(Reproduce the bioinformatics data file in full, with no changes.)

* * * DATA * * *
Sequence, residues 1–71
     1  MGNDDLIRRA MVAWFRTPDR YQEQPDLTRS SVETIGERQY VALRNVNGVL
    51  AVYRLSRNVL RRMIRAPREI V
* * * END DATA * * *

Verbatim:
Sequence, residues 1–71
     1  MGNDDLIRRA MVAWFRTPDR YQEQPDLTRS SVETIGERQY VALRNVNGVL
    51  AVYRLSRNVL RRMIRAPREI V